Coronavirus: False claims viewed by millions on YouTube

Coronavirus: False claims viewed by millions on YouTube

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More than a quarter of the most viewed coronavirus videos on YouTube contain “misleading or inaccurate information,” suggests a study.

In total, the misleading videos have been viewed more than 62 million times.

Among the false claims was the idea that pharmaceutical companies already have a coronavirus vaccine but refuse to sell it.

YouTube has stated that it has committed to reducing the spread of harmful information on disinformation.

The researchers suggested that “accurate and good quality information” was uploaded to YouTube by government agencies and health experts.

But he said the videos were often difficult to understand and lacked the popular appeal of YouTube stars and vloggers.

The study, published online by BMJ Global Health, examined the most viewed videos of coronavirus in English, starting March 21.

After excluding duplicate videos, videos longer than an hour and videos that didn’t include relevant audio or visual material were left with 69 to analyze.

The videos were evaluated if they presented only factual information about viral spread, coronavirus symptoms, prevention and potential treatments.

Government agency videos scored significantly better than other sources, but were viewed less widely.

Of the 19 videos found to include disinformation:

  • about a third came from entertainment news sources
  • national news reports represented about a quarter
  • Internet news sources also account for about a quarter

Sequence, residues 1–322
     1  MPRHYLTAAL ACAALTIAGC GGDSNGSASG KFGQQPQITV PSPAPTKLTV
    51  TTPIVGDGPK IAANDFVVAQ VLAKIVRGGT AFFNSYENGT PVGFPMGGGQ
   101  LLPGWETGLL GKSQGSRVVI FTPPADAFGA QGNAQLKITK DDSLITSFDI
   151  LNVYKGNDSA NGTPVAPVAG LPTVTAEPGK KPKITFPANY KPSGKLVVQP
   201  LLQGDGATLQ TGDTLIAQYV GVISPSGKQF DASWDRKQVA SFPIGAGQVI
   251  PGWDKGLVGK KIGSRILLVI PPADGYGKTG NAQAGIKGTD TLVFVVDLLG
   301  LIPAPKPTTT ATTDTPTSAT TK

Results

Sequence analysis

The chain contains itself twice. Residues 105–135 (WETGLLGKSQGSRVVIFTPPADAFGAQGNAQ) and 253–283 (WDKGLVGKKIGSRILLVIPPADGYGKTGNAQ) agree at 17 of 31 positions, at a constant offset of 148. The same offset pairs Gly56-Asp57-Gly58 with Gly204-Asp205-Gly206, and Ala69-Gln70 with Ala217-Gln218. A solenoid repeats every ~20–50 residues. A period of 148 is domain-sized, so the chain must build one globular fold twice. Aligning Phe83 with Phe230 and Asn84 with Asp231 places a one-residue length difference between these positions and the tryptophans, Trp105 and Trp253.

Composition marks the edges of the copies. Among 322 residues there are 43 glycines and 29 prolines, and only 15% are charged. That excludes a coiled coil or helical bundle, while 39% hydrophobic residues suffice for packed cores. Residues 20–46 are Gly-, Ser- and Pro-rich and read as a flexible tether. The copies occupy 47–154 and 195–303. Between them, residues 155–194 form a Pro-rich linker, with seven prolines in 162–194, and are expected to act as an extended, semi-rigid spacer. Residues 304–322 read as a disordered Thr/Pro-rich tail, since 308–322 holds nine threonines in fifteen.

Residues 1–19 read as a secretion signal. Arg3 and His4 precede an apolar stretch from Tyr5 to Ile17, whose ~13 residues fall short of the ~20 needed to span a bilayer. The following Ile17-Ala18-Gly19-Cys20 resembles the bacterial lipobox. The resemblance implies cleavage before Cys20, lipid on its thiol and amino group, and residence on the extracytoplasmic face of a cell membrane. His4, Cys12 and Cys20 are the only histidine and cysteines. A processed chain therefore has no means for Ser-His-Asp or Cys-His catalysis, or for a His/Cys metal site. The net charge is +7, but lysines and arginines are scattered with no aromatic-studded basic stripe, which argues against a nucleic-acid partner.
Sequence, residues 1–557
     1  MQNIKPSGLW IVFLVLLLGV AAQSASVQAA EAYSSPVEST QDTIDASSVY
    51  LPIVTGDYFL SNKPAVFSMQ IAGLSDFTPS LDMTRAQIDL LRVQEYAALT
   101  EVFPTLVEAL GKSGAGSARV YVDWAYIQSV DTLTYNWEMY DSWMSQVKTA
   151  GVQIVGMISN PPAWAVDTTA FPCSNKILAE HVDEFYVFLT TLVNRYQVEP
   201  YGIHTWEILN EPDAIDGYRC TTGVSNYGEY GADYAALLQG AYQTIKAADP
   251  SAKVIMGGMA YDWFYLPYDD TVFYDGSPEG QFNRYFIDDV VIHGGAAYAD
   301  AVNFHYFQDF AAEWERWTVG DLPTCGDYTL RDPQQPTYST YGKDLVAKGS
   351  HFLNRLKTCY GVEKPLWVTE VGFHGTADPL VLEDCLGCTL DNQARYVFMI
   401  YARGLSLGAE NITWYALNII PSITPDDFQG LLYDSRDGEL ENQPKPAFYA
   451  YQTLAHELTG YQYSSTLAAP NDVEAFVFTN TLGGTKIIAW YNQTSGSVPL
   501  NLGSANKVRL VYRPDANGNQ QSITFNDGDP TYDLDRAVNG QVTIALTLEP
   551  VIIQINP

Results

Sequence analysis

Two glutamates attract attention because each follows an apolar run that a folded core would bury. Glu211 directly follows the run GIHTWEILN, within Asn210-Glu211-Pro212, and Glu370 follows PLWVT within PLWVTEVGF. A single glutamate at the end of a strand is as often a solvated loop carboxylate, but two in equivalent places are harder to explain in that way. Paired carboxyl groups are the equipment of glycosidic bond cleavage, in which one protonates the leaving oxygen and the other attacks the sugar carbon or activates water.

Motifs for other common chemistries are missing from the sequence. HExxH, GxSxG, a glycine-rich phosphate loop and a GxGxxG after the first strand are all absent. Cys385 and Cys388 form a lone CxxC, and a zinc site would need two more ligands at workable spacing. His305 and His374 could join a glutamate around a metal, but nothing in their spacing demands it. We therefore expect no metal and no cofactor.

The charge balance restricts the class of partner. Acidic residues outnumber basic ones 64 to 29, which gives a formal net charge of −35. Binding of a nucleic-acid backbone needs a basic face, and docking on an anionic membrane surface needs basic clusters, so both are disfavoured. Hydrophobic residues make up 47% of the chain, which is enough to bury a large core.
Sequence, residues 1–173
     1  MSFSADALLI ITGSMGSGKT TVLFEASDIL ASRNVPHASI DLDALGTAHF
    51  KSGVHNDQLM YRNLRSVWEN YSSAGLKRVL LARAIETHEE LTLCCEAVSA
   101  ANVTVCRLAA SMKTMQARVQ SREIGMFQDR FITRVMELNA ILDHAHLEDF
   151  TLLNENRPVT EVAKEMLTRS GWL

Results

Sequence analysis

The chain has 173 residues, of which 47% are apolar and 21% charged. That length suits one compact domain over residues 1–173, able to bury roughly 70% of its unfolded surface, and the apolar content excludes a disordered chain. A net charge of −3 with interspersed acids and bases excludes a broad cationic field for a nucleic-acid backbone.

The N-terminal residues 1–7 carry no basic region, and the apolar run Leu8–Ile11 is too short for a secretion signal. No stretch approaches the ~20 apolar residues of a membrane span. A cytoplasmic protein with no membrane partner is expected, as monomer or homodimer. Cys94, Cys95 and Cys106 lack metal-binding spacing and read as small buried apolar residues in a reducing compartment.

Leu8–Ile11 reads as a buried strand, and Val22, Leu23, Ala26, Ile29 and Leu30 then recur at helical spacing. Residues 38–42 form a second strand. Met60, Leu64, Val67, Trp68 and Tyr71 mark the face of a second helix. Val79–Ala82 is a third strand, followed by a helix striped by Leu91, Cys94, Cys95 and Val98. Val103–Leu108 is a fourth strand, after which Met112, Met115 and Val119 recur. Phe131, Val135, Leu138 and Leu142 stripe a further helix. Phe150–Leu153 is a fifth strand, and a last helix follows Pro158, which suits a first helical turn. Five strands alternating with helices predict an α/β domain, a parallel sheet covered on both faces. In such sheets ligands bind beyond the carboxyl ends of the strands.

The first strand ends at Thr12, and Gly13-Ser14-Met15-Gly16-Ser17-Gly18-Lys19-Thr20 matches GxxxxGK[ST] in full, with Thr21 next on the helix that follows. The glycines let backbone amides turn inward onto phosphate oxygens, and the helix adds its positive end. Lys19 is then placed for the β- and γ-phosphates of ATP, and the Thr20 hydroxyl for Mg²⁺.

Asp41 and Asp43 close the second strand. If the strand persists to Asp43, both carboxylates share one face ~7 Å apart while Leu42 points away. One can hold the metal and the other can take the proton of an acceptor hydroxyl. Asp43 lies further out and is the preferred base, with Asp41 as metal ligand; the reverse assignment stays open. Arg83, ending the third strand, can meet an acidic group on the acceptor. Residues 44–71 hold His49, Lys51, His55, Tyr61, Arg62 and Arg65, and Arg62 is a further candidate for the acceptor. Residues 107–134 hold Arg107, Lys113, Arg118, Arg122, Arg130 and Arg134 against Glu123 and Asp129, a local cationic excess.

• 13% were uploaded by independent video producers

The report recommends governments and health authorities to work with entertainment news sources and social media influencers to create engaging and factual content that is more widely viewed.

YouTube said in a statement: “We are committed to providing timely and useful information at this critical time, including the collection of authoritative content, the reduction of the dissemination of harmful misinformation and the display of information panels, using SSN data and of the World Health Organization (WHO), to help fight disinformation.

“We have clear policies that prohibit videos promoting non-medically proven methods of preventing coronavirus in place of seeking medical treatment, and we quickly remove videos that violate these policies when reported to us. Now any content that challenges the existence or transmission of Covid-19, as described by the WHO and the NHS is in violation of YouTube policies. For borderline content that could misinform users in a harmful way, we reduce the recommendations.

“We will continue to evaluate the impact of these videos on communities around the world.”

Analysis

by Marianna Spring, disinformation specialist and social media reporter

In recent weeks, there has been an increase in very refined videos that promote conspiracy theories shared on YouTube and prove to be very popular.

So these results – although concerning – are not surprising.

Accurate information shared by trusted healthcare organizations on YouTube tends to be more complex.

The popular appeal of conspiracy videos, which give misleading explanations to worried people looking for quick answers or someone to blame, may be missing.

This includes videos like Plandemic, which was widely shared online last week.

High-quality production values ​​and interviews with alleged experts can make these videos very convincing. Often the facts are presented out of context and used to draw false conclusions.

And dealing with this type of content is a cat and mouse game for social media sites.

Once videos get traction, even if they are removed, they continue to be uploaded repeatedly by other users.

It is not just about alternative outlets that load misinformation. Whether it’s views or clicks, the study suggests that some major media are also guilty of spreading misleading information.

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